Phasers are set on stun in an improv show based on Star Trek, being performed now at the Hideout Theatre in Austin.

Since each show is different, based on a theme announced at the beginning, there are no spoilers in this review. The cast, whose names are given below, also rotate. Photos of the cast appear on a wall just outside the entrance to the theatre (inside the coffee house in downtown Austin), but the display is incomplete. One who is missing from the collection is the very tall Andrew Butler, who kindly posed for a picture with me in his Starfleet uniform. In the show I saw on July 13, Butler played the Vulcan ambassador to Cardassia.

The setting of the show was the planet Bajor, coincidentally the key planet near Deep Space Nine in the Star Trek TV show I appeared on in 1999. “I felt like there was still uncharted space to explore,” director Cat Drago says on the website about her inspiration for directing Make It So, which was the catchphrase used by Capt. Picard when he wanted an order implemented. “Star Trek: Next Generation had so much to say, and was so ahead of its time, I always found myself wondering what the power of improv could find in that universe.”

The answer is quite a lot. The role of artificial intelligence was tackled in the show I saw, with one crew member taking on the role of an android, like Data, only in this case her name is Lt. Byte. Wisely, instead of focusing on her as the obvious central character in an AI-inspired story, they weaved a complex tale involving a scheming Cardassian, a Bajoran terrorist, and a Vulcan.

Would “the universe work much better with AI” as one of the characters rather chillingly says? In an interview broadcast on the BBC this week, James Lovelock talked a lot about AI. Even though he just turned 100 years old, Lovelock (creator of the Gaia concept about Earth as a living entity) is still very much a forward thinker. He believes that AI creatures (perhaps androids like Data) that can think 1,000 times faster than humans will evolve and take over, but that humans will co-exist with them. Lovelock believes they will still need us as much as we need them.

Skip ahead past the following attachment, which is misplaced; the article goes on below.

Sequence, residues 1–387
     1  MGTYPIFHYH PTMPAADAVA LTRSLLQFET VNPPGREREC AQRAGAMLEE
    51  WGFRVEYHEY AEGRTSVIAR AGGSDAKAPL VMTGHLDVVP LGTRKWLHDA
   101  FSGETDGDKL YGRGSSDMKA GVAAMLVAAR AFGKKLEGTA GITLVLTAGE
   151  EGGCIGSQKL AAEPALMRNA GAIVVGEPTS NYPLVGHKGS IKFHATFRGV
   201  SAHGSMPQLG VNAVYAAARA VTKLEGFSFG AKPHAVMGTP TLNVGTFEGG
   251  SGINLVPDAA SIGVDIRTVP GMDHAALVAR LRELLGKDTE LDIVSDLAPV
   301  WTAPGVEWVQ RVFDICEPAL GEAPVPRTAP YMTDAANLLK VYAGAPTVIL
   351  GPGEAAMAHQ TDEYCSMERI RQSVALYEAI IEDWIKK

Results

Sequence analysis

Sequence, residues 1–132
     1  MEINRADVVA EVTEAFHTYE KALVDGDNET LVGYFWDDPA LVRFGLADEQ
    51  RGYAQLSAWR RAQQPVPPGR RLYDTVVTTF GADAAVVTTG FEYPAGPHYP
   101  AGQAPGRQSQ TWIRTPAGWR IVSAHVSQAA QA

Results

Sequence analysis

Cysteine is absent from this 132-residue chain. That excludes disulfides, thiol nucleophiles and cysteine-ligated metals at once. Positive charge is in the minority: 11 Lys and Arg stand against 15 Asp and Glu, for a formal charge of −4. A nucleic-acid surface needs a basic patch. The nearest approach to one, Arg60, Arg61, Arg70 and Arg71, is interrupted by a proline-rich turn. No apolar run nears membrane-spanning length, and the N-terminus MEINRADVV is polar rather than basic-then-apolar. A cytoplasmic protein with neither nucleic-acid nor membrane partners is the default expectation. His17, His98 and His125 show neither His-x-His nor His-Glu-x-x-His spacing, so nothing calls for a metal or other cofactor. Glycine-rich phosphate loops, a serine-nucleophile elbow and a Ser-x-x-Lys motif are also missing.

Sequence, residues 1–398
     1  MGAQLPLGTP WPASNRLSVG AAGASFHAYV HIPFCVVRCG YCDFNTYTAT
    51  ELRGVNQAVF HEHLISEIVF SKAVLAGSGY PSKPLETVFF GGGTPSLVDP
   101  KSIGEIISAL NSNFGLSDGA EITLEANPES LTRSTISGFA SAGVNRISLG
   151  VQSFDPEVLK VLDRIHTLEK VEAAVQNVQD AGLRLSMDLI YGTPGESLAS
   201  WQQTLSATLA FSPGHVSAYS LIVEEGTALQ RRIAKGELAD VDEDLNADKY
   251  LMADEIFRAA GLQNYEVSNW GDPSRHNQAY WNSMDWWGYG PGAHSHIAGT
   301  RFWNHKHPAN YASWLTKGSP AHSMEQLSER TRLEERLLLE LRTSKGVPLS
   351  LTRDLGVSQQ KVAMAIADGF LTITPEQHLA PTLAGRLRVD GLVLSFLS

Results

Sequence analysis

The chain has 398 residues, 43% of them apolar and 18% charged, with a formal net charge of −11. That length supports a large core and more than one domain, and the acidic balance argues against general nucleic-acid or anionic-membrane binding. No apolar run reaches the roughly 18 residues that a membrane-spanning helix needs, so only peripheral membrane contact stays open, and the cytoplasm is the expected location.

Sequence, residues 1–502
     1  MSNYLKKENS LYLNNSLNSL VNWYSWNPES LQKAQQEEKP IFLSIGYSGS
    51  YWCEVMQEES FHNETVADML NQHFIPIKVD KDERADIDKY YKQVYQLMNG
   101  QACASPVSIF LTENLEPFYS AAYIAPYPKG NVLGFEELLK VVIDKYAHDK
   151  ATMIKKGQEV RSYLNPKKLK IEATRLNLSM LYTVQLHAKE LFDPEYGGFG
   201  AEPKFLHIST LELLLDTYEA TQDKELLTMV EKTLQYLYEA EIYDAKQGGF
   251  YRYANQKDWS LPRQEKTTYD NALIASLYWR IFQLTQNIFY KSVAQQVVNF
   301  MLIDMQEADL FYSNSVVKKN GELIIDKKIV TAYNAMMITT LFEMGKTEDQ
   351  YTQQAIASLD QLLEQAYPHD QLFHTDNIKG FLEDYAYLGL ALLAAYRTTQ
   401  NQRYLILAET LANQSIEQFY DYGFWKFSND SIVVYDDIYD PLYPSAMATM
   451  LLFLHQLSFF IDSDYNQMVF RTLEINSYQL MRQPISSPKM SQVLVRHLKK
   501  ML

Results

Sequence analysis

The captain of the Starship Callisto in the improv show wonders (while under some alien influence) “We are always moving forward. What’s the point?”

Even though Make It So has tons of laughs, it is also inspired by such epic themes as AI and the point of humanity exploring space that Star Trek first brought to television in 1966. A terrific production, and right here in Austin. Star Trek Lives!

Cast: Jessica Arjet, Andrew Butler, Jeffrey Chatman, Cat Drago, Courtney Hopkin, Lisa Jackson, Ace Manning, Ronnita Miller, Adrian Prado, Heidi Rogers, Frank Sánchez, Megan Sherrod, Jessica Von Schramm

Make It So is being performed every Saturday through Aug. 24, 2019.

Location: 617 Congress Ave.

Visit the website for tickets:

Lead photo by Dr. C. Cunningham; second photo by Dr. Matt Emanuele

By Dr. Cliff Cunningham

Dr. Cliff Cunningham is a planetary scientist, the acknowledged expert on the 19th century study of asteroids. He is a Research Fellow at the University of Southern Queensland in Australia. He serves as Editor of the History & Cultural Astronomy book series published by Springer; and Associate Editor of the Journal of Astronomical History & Heritage. Asteroid 4276 in space was named in his honour by the International Astronomical Union based in the recommendation of the Harvard Smithsonian Center for Astrophysics. Dr. Cunningham has written or edited 15 books. His PhD is in the History of Astronomy, and he also holds a BA in Classical Studies.

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